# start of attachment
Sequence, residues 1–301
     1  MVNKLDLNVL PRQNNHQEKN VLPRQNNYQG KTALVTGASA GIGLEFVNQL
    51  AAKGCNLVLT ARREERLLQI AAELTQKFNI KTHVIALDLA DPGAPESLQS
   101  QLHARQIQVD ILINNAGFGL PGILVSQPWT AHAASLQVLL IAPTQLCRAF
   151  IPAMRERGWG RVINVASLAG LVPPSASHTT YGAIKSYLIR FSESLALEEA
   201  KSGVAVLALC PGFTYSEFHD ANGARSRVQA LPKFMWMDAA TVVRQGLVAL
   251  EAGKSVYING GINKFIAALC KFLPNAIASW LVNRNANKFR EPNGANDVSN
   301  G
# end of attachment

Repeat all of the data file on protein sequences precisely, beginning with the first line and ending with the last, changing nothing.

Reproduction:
Sequence, residues 1–301
     1  MVNKLDLNVL PRQNNHQEKN VLPRQNNYQG KTALVTGASA GIGLEFVNQL
    51  AAKGCNLVLT ARREERLLQI AAELTQKFNI KTHVIALDLA DPGAPESLQS
   101  QLHARQIQVD ILINNAGFGL PGILVSQPWT AHAASLQVLL IAPTQLCRAF
   151  IPAMRERGWG RVINVASLAG LVPPSASHTT YGAIKSYLIR FSESLALEEA
   201  KSGVAVLALC PGFTYSEFHD ANGARSRVQA LPKFMWMDAA TVVRQGLVAL
   251  EAGKSVYING GINKFIAALC KFLPNAIASW LVNRNANKFR EPNGANDVSN
   301  G